How breathing slowly can help lower blood pressure and reduce the risk of serious health conditions

Alison BRC

Slowing down your breathing is well known to help with relaxation, but recent research suggests it might also help to treat high blood pressure. Researchers at Bournemouth University have created a therapeutic breathing exercise app called Brythm, which guides people to breathe more slowly and deeply, using a personalised protocol.

The research is being led by Professor Alison McConnell, a physiologist who has previously undertaken research showing the positive effects of breathing muscle strength training on exercise tolerance for athletes as well as people with cardiovascular or respiratory disease.

“Our new anti-hypertension app has been developed to provide people with a personalised training programme that adapts their breathing rate according to their individual physiology,” explains Professor McConnell, “It’s designed to be used for just ten minutes per day using a smart phone or tablet, which fits easily into most people’s busy lives.

“The app monitors your heart rate and other features via a small finger cuff that’s connected to your phone or tablet. This monitors your cardiovascular responses, guiding breathing to a rate of around six breaths per minute, which is about half the normal rate.”

Professor McConnell is carrying out research to find out more about the effects of the Brythm app for different groups of people who have high blood pressure. She has recently secured funding for a PhD student to work with pregnant women who have pregnancy induced hypertension.

“This will be a really interesting group to work with, as irregular breathing might be one of the factors that leads to development of pregnancy induced hypertension,” says Professor McConnell, “Pregnant women are also unlikely to have other serious health conditions or be undergoing other treatments that might affect their responsiveness to Brythm, which will make it easier to test whether there is a link between slower breathing and hypertension.”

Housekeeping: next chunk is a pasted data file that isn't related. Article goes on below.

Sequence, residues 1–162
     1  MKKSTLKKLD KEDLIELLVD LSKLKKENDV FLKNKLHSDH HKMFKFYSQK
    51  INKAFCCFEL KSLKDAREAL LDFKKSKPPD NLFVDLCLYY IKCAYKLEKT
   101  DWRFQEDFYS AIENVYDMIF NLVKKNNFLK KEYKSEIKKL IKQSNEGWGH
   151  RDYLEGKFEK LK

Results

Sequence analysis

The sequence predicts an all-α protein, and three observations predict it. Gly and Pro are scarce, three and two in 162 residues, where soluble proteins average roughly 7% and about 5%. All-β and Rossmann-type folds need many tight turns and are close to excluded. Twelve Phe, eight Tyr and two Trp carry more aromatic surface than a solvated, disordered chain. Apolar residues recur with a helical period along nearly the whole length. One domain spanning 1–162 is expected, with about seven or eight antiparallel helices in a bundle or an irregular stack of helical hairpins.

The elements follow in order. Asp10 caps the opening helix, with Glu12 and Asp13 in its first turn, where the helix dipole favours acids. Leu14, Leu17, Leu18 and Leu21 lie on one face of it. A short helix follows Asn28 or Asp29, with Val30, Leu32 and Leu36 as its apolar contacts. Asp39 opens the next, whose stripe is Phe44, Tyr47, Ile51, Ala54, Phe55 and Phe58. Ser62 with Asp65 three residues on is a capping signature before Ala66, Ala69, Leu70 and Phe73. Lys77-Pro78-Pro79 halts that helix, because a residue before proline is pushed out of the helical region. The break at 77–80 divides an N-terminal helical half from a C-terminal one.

“We’ve partnered with the National Childbirth Trust, which is helping us to develop Brythm and to make contact with pregnant women who can help with the research. We hope that our preliminary results will eventually lead to full clinical trials.”

Professor McConnell’s ultimate aim is to be able to demonstrate the effectiveness of the Brythm app for different groups of people and see it rolled out across the NHS as a simple and cost-effective way of improving health and preventing more serious medical conditions, such as strokes, which are linked to high blood pressure.

“High blood pressure can lead to a number of very serious medical conditions,” explains Professor McConnell. “If we can show that short daily sessions of slower breathing have a beneficial effect on blood pressure, then hopefully we can make a huge difference to people’s lives and reduce long-term costs to the NHS.”

To find out more and try out the Brythm app for yourself, drop into the Festival of Learning at Poole Quay on Sunday 9 July.

This story featured in the Bournemouth Research Chronicle, which can be read online or downloaded.